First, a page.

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Western Visions

Author(s): Vitana Kostadinova
Subject(s): Literary Texts
Published by: Институт за литература - БАН

Summary/Abstract: The understanding of Occidentalism underlying this presentation does not concur with Ian Buruma’s definition: „Something else is going on, which my co-author, Avishai Margalit, and I call Occidentalism (the title of our new book): a war against a particular idea of the West…“1 I would rather use the term in the manner put forward by James Carrier in his preface to Occidentalism: Images of the West, as „the representation of the West by Western subjects“ (which goes hand in hand with projecting the Orient as the Other), and „that constructed by non-Western subjects“2. Lindstrom’s distinction (Carrier 1995) is even more useful; according to him „Occidentalism“ should be used only in regard to „the discourse among Orientals about the West“, whereas „the self-discourse of Westerners“ is called „auto-Occidentalism“.As an illustration of those visions of the West I would like to offer a parallel between the Bulgarian projections of the West in the early 20th century and the auto-images of the West as constructed by the texts translated into Bulgarian at the time. A sample of representations of the West in Byron’s Don Juan, translated in prose in 1919, reveals the author’s play with foreign stereotypes resulting in an ambivalent vision of Englishness in the text as seen from both the inside and the outside. Byron’s juxtaposition of East and West in Don Juan will be compared to the different levels of contrasting the Orient with the Occident in the Bulgarian press of the period — ranging from publications of literary criticism, such as „Eastern and Western Art“ in the Vezni journal, to the stereotyped images of individual West-European nations. As a follow-up, with a representative selection of data, the analysis of the Bulgarian images of the West could be associated with the processes of Bulgarian national identity’s construction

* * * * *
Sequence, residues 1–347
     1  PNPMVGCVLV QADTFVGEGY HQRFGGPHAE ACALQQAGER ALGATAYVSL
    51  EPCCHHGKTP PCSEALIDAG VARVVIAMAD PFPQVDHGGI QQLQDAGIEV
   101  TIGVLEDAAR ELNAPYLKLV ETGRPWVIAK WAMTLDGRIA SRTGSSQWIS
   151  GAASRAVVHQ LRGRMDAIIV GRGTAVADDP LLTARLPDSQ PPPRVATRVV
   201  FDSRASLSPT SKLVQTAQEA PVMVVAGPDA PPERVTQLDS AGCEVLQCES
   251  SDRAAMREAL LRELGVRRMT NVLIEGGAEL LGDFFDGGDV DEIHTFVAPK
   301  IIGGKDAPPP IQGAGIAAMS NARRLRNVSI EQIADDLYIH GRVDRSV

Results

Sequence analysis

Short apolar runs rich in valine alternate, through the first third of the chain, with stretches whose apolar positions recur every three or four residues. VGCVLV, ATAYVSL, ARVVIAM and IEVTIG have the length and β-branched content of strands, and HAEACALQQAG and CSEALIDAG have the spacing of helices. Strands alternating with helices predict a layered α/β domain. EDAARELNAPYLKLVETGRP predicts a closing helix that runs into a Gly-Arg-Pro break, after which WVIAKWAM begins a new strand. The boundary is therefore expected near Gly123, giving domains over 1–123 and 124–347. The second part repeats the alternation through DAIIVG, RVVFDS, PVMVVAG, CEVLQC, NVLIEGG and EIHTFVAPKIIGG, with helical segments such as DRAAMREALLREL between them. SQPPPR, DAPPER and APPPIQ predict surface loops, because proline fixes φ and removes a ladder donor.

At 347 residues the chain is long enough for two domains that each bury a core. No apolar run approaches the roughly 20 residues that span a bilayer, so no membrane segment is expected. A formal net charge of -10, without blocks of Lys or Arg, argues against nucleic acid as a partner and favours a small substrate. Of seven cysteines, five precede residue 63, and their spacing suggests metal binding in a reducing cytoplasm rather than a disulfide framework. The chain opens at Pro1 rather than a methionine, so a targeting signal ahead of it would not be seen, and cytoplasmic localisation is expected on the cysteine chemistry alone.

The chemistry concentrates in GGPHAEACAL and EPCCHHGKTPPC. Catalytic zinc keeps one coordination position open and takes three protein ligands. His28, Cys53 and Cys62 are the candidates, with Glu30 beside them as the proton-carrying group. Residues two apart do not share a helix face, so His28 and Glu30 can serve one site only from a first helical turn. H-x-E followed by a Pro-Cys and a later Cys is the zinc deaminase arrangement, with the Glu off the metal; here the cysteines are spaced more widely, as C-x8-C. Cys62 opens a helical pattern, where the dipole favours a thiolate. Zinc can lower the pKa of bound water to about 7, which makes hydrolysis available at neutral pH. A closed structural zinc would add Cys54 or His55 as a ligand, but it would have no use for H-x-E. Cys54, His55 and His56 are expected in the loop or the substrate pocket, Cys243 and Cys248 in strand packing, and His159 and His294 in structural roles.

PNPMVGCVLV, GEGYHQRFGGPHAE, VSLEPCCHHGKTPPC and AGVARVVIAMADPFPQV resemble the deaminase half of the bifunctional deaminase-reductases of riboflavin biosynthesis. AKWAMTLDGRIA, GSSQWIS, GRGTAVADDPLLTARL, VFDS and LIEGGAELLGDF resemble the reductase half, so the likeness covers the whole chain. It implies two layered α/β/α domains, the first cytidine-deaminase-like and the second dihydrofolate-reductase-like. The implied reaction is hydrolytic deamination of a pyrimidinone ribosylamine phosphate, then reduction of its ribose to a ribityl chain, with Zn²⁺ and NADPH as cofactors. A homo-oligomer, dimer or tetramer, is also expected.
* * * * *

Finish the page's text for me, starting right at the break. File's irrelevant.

• Issue Year: 2005
  • Issue No: 1
  • Page Range: 131-139
  • Page Count: 9
  • Language: Bulgarian